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Act 1

Chapter 1

Chapter 2

Chapter 3

Chapter 4

Chapter 5

Chapter 6

Chapter 7

Chapter 8

Chapter 9

Chapter 10

Act 2

Chapter 11

Chapter 12

Chapter 13

Chapter 14

Chapter 15

Chapter 16

Chapter 17

Chapter 18

Chapter 19

Chapter 20

Act 3

Chapter 21

Chapter 22

Chapter 23

Chapter 24

Chapter 25

Chapter 26

Chapter 27

Chapter 28

Chapter 29

Act 4

Chapter 30

Chapter 31

Chapter 32

Chapter 33

Chapter 34

Chapter 35

Chapter 36

Chapter 37

Chapter 38

Chapter 39

Act 5

Chapter 40

Chapter 41

Chapter 42

Chapter 43

Chapter 44

Chapter 45


Chapter 46

About the Author



‘If God does not exist, then everything is permitted.’

Fyodor Dostoevsky

‘Man is wolf to man.’

Title of gulag memoir by survivor Janusz Bardach


Saturday 13 October, 1951

They lay as straight as scaffolding, stark in the glare of the train engine’s headlight. A quintet of bodies on the snowy tracks, parallel and neat. Feet together, arms straight, with their heads turned delicately to one side. As though Death had asked them all to form an orderly queue, and each damned soul had politely obliged him.

Revol Rossel, lieutenant in the Leningrad militsiya, drew on his cigarette, blew out a ring of grey smoke and observed the crime scene from a distance with studied impassivity. It was a habit now, that face. An expression that so far, even though he was thirty-four years old, had kept him out of the camps. ‘Every man must have one face for the world and another for himself, Revol,’ his father had once told him, with a stoic wink. At the time, neither his father nor Rossel had properly understood what a sound piece of advice this was, the kind that could help any Soviet citizen live a little longer. Especially one who lived in Leningrad, a city for which Stalin was known to harbour misgivings.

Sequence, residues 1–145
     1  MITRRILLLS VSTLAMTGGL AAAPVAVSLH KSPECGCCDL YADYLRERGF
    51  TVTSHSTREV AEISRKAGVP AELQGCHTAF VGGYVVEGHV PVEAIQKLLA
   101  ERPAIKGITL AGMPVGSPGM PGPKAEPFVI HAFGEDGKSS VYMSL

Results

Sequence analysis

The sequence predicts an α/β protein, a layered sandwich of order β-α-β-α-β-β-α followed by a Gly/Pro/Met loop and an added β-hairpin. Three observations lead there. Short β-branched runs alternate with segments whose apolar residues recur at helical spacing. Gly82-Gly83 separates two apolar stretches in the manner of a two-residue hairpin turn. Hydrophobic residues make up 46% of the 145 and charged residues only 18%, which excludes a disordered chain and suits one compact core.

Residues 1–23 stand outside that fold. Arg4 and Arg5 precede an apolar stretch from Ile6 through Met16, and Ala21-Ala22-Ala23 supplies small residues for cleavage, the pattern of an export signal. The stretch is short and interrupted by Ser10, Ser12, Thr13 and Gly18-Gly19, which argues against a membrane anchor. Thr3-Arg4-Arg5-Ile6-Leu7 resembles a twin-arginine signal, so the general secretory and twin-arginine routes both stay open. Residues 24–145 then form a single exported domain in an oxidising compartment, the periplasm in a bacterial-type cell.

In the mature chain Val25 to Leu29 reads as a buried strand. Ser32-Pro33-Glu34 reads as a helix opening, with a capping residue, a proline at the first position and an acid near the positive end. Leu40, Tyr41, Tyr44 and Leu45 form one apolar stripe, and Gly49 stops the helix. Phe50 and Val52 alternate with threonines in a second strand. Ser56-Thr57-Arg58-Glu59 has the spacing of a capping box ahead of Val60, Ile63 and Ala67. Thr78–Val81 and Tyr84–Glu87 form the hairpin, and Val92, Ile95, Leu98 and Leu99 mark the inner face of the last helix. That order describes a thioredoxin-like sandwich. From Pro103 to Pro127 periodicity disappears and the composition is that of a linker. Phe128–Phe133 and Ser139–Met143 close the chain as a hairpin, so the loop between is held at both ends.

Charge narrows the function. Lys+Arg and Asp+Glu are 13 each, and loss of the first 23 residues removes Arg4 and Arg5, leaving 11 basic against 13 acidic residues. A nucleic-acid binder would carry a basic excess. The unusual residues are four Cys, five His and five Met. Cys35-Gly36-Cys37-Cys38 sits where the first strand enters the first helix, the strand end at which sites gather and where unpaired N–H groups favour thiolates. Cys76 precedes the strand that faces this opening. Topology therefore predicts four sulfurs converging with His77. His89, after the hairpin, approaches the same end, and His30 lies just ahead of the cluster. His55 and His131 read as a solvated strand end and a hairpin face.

As Rossel watched on from the front passenger seat of the Moskvich, he could hear the car’s engine wheezing. Away to the left and across a deep field of snow, a black steam engine wheezed and stood still. Behind the engine and its cargo, the track was flanked by trees for kilometre after kilometre but here, before him, it was crossed by another line of rails, forming a small clearing.

‘Come on, then, gentlemen. Time for us to take our bow.’

The car doors beat a tattoo of slams as Rossel and his fellow cops got out. They moved together, lifting their knees high to make progress in the deep drifts. Under their regulation coats, sporting the insignia of their respective ranks in the militia, they wore a variety of pullovers, trousers and thick underwear. Standard uniform alone was no match for a winter’s night. A few hours ago, the radio had said it was minus twenty-seven. ‘Cold enough to turn good hot Russian piss into icicles,’ as Sergeant Grachev had put it the last time he had regaled them all with another story of how he had slaughtered members of the 33rd Waffen SS en route to Berlin.